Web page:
One might imagine a focused child as one with the ability to sit still and stay on task in response to direction, but actually it’s active engagement and experimentation that allow young brains to become focused! Kids’ brains develop through moving in and out of play, discovering their interests, and learning for themselves when and how to direct and shift their focus.
This week at story time we’ll read about children in motion, engaging with their worlds and developing focus along the way. During playtime we’ve got a great tool for play and attention – binoculars! We’ll practice looking through a limited frame to help us take in what’s around us. And as always, we’ll move at the kids’ pace and let them deeply engage with whatever captures their attention. As adults, we’ll observe and wonder.
If you are interested in supporting your child’s growing ability to focus, here are five ways that Tinkergarten suggests that you can do this, and none of them have to do with sitting still!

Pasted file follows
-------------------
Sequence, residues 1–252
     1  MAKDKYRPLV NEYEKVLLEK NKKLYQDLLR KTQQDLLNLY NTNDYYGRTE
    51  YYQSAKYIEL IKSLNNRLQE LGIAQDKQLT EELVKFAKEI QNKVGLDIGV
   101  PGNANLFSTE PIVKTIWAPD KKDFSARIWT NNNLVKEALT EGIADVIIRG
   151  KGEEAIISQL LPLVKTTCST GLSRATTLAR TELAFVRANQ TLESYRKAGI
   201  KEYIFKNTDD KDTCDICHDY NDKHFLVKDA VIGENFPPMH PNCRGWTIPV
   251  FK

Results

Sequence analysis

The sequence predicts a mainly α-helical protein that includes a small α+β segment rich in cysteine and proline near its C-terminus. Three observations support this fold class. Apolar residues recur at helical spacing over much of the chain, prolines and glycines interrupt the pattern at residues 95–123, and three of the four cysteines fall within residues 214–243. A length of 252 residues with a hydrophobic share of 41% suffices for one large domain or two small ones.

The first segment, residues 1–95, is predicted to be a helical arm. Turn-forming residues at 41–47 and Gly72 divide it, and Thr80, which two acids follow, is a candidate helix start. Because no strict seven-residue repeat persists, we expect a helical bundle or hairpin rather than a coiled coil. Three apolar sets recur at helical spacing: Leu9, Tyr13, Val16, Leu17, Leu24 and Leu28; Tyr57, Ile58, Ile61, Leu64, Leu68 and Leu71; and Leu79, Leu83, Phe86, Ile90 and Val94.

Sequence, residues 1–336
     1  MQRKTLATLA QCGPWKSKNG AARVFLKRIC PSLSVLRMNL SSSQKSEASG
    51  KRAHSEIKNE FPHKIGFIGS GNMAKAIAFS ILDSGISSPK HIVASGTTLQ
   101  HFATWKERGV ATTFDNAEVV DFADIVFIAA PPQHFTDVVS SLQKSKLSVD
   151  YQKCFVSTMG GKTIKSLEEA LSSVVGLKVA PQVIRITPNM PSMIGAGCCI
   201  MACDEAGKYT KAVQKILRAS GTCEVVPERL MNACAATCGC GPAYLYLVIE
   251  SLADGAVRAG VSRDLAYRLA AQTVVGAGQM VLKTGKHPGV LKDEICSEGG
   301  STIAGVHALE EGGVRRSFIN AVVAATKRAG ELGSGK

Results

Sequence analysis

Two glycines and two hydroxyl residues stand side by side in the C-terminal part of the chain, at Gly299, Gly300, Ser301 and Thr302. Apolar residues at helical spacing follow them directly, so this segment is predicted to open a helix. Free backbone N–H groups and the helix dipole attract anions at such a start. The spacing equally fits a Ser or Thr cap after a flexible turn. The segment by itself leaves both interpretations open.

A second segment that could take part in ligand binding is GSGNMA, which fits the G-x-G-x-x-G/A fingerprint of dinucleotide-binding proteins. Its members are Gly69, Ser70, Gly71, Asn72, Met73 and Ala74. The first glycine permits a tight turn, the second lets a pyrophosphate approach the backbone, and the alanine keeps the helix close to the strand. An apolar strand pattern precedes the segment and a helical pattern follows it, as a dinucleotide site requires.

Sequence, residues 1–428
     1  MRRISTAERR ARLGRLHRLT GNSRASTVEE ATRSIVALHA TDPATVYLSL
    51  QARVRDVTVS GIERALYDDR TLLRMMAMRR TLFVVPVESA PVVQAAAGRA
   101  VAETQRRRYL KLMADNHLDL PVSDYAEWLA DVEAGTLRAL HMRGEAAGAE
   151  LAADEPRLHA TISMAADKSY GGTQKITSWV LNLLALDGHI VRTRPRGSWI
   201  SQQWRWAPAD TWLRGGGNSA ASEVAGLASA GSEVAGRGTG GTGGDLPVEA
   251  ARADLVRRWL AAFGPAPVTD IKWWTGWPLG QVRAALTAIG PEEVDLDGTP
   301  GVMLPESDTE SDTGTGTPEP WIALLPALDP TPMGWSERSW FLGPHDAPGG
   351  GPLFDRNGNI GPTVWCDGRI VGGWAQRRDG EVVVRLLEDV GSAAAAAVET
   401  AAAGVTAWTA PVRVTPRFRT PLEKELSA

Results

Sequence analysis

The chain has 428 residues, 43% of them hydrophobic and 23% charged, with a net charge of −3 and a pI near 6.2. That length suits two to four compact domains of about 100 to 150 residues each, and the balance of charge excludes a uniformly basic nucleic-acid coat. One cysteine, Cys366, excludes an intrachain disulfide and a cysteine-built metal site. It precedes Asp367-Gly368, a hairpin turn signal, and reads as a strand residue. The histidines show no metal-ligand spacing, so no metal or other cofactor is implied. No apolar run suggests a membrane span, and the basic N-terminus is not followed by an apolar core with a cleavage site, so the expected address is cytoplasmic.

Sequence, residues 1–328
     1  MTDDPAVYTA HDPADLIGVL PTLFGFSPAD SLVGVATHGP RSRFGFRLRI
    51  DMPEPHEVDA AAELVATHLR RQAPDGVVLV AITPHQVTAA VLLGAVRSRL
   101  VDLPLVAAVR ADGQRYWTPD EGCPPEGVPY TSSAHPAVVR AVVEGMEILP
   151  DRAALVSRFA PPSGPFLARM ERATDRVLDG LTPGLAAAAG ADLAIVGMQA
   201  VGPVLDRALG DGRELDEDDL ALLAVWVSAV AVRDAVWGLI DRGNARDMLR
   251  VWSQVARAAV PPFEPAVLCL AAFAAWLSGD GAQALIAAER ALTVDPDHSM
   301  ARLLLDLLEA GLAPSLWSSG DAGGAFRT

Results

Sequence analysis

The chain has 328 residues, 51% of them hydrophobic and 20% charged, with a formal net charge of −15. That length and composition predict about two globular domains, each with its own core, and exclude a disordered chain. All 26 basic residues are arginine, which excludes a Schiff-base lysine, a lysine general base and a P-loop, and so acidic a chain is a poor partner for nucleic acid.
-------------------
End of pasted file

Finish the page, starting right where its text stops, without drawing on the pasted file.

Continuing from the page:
Observe more – noticing patterns in kids’ play is a great way to identify their focus.
Feed interests – interested kids are much more likely to go deep with their play.
Wonder out loud – this helps kids maintain a curious and alert state—the basis for attention.
Let kids lead – if we tell them what to focus on and when, we take away their opportunity to learn how to do it.
Discern when to chat – conversation requires more from kids than adults, so keep this in mind to support their uninterrupted focus.
We look forward to sharing story time with all of you!
Amy and Polly
Cook Memorial story time (outside on the lawn behind the library)
Each Tuesday at 10:30 am